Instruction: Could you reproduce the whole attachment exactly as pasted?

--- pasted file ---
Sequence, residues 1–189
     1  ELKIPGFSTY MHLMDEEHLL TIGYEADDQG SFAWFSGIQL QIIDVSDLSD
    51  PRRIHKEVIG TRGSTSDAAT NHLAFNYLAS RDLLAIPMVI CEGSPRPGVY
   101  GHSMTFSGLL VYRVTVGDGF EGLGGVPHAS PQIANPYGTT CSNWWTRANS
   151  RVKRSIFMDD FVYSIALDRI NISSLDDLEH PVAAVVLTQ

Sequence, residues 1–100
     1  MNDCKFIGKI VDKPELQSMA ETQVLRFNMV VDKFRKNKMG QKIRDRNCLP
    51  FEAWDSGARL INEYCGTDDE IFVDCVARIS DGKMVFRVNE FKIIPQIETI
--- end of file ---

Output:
Sequence, residues 1–189
     1  ELKIPGFSTY MHLMDEEHLL TIGYEADDQG SFAWFSGIQL QIIDVSDLSD
    51  PRRIHKEVIG TRGSTSDAAT NHLAFNYLAS RDLLAIPMVI CEGSPRPGVY
   101  GHSMTFSGLL VYRVTVGDGF EGLGGVPHAS PQIANPYGTT CSNWWTRANS
   151  RVKRSIFMDD FVYSIALDRI NISSLDDLEH PVAAVVLTQ

Sequence, residues 1–100
     1  MNDCKFIGKI VDKPELQSMA ETQVLRFNMV VDKFRKNKMG QKIRDRNCLP
    51  FEAWDSGARL INEYCGTDDE IFVDCVARIS DGKMVFRVNE FKIIPQIETI